By Jessica Michault. On the last day of the menswear shows in Milan, designer Giorgio Armani made a bit of a statement with his show notes. Instead of spelling out his inspirations, color palette, and textile choices there was just one line of text inside the Armani folder placed on each seat. The designer produced a line of pieces that at its heart was a celebration of easy elegance. Unstructured, forgiving, and comfortable were the underlying sentiments of the show. Trench coats were cut wide and left uncinched at the waist.
Giorgio Armani Spring Menswear
The exoticist that lurks in Giorgio Armani's bosom doesn't get enough exercise. Several decades ago, he offered a samurai-influenced collection that gonged memorably amid the greige that was making his name. The most powerful impression the collection left was the sheen of silk shantung in intense oriental shades of lilac, cyclamen, orange, and imperial purple. It was cut into what looked like cropped dhoti pants, the uniform of Giorgio's model posse in the finale. They dropped into yoga poses and turned as one to face the sun king, Armani himself. Well, there were plenty of other impressions. From the get-go, Armani was keen to de-emphasize structure.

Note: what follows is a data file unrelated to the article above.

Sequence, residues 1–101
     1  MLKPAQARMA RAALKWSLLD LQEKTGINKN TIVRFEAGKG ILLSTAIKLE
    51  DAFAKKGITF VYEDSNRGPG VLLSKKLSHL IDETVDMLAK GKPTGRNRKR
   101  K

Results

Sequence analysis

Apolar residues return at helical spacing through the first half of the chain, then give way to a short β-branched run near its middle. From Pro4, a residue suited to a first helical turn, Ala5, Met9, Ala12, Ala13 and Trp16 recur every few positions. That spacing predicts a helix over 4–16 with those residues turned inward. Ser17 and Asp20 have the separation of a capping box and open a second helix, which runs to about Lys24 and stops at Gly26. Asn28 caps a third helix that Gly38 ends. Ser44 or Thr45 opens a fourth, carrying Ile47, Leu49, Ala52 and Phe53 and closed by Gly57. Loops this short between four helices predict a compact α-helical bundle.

Giorgio Armani Spring 2009 Menswear
That's not too bold of a claim when it comes from a designer like Giorgio Armani, the man who rethought the modern suit, then put his own sparklingly sinuous stamp on red-carpet wear. His Spring collection had both of those signatures in spades. The show opened with elongated one-button jackets in traditional suiting fabrics. The ones that followed had a similar slight flare below the waist or a ruffle of pleats at the back, but they were made in fluid jerseys and shown with pleated and tapered silk pants, long shorts, or tucked-hem skirts.
In this juxtaposition of styles that brings to the city a relaxed and elegant savoir vivre, the jacket - always reconstructed but perfectly tailored - favors Prince of Wales checks and chalk stripes, fabrics that may seem traditional but actually emphasize the precise structure of the garment. Worn over a double breasted waistcoat, maybe with a loose un-tucked shirt or a light chemise in the oriental manner. Perfectly in tune with the lightest of trousers, varying in style from the Indian, to the Balinese or Malaysian, sometimes with printed patterns, always in generous dimensions.